Usually found in Victorian houses where the roof is in two sections, an L-shaped loft conversion looks exactly as it sounds.
The larger roofed area tends face the rear of the property, with the smaller roof lower down. The best news? Permitted development gives a thumbs up to extending both roof sections.
With the L-shape design, two rooms can be fitted, opening an array of opportunities to homeowners who want to extend their current property as opposed to moving into a bigger space. Naturally, to comply within the permitted development regulations, the building work must not exceed the aforementioned 50 cubic metres.
The main benefit of this type of loft conversion is that it can add so much living space to an existing property without requiring planning permission.
If you’re fortunate enough to live in a property with a ridge height exceeding 250cm, then a Velux conversion is the perfect solution for you. They are often the least expensive options, and take the least amount of time to build. With no roof alterations required, you will not need planning permission for this, and can extend your living space inside your home without having to build upwards or outwards.
Planning Permission: The Finances
If you have read the above and come to the conclusion that you will require planning permission before having the building work carried out, the time has now come to think through the finances involved.
Depending on where in the UK you are based, planning application costs can vary somewhat. In England, an application for an extension starts at £206, and can be acquired for as low as £190 in Wales.
We’re only too aware of how much it can cost to complete a loft conversion, and having to pay around £200 before any work begins goes to show that planning your finances is of huge importance. Our recent blog on how to finance an extension should help you make the financial decisions you need.
How Long Does Planning Permission Take?
It goes without saying that once you have committed to building work of this magnitude, you want to get started as quickly as possible. So how long does planning permission for a loft conversion actually take?
Your local council is expected to work as quickly as possible on your application, and you shouldn’t have to wait any longer than eight weeks. This time can be extended to up to three months for more complexed building plans, and up to four months if an Environmental Impact Assessment is to be completed.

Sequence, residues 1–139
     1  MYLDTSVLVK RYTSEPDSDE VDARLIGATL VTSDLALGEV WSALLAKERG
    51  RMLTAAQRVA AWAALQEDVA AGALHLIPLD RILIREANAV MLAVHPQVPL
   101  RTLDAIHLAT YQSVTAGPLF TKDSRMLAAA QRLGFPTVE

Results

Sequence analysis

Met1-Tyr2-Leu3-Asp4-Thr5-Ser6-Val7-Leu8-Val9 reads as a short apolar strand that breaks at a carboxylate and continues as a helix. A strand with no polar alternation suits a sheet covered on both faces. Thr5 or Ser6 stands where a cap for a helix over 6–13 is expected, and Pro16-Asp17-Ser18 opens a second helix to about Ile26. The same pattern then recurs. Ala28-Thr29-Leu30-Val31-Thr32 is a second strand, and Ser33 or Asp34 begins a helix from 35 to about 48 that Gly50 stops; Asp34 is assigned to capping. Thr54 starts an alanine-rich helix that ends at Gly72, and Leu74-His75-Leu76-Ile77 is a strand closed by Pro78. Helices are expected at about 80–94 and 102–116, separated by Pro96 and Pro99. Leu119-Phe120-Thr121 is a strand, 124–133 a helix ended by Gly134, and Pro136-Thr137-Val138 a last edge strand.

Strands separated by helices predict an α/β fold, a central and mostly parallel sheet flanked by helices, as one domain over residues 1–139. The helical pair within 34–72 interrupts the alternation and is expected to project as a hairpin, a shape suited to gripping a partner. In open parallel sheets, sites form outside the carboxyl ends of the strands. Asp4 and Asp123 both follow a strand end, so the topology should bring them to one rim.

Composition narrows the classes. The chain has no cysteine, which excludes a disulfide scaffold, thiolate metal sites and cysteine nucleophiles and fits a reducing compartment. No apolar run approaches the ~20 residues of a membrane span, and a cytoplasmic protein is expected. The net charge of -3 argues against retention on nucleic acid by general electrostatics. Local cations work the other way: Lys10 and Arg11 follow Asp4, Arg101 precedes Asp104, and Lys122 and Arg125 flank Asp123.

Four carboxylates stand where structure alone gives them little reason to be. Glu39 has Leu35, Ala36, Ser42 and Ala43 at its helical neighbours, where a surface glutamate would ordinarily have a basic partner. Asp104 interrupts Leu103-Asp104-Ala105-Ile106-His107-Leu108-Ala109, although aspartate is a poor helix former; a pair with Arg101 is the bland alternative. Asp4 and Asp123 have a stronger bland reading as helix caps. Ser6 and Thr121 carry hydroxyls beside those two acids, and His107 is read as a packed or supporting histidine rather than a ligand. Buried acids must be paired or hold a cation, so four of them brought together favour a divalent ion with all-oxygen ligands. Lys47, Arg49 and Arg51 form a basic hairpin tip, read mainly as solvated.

Building Regulations: What You Need to Know
Planning permission is one thing, but no matter the size or design of your loft conversion, you will absolutely be required to meet building regulations.
Don’t panic, building regulation are there with your safety in mind. Any work carried out must be structurally sound, fire safe and well insulated. Sounds reasonable enough to us.
In terms of fire safety, smoke alarms will be required as well as fire-resistant doors. Any new walls will need to support the existing roof and floor joists will also be required to support the weight of the newly built room. With us discussing a loft conversion, new stairs will be required, and the sound insulation must be of the required standard.
Party Wall Agreements
If the work that you are carrying out involves a boundary adjoining the property of a neighbour, it will fall under the Party Wall Act.
To begin with, you’ll be required to give notice to your neighbour of your intention to carry out the work (that’s just being neighbourly, right?), as well as a detailed proposal.
Hopefully, they will give the work the green light and we move onto the building work. However, should they not grant permission, this is when you’ll need to bring in a specialist party wall surveyor.
Don’t worry, it isn’t as complicated as it sounds. We have recently written a blog detailing party wall surveyor costs, give it a read and put your mind at ease. Fear not, as long as the building work is reasonable, your neighbour can’t actually prevent you from proceeding.
Hopefully after reading our blog, you are now closer to knowing whether you will require planning permission for your loft conversion. Our advice is always to speak with the professional and be open from the offset. They want your business, so they aren’t going to try and trip you up along the way.
Plan ahead, get your finances in order, and reap the rewards once the work is completed.